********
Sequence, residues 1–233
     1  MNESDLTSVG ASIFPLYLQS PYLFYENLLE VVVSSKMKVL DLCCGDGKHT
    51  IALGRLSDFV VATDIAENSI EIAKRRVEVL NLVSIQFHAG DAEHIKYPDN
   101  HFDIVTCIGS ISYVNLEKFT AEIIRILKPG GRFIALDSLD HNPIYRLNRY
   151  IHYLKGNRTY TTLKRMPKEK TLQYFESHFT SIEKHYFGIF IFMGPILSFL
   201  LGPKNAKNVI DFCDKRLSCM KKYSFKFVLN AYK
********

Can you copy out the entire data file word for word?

Sequence, residues 1–233
     1  MNESDLTSVG ASIFPLYLQS PYLFYENLLE VVVSSKMKVL DLCCGDGKHT
    51  IALGRLSDFV VATDIAENSI EIAKRRVEVL NLVSIQFHAG DAEHIKYPDN
   101  HFDIVTCIGS ISYVNLEKFT AEIIRILKPG GRFIALDSLD HNPIYRLNRY
   151  IHYLKGNRTY TTLKRMPKEK TLQYFESHFT SIEKHYFGIF IFMGPILSFL
   201  LGPKNAKNVI DFCDKRLSCM KKYSFKFVLN AYK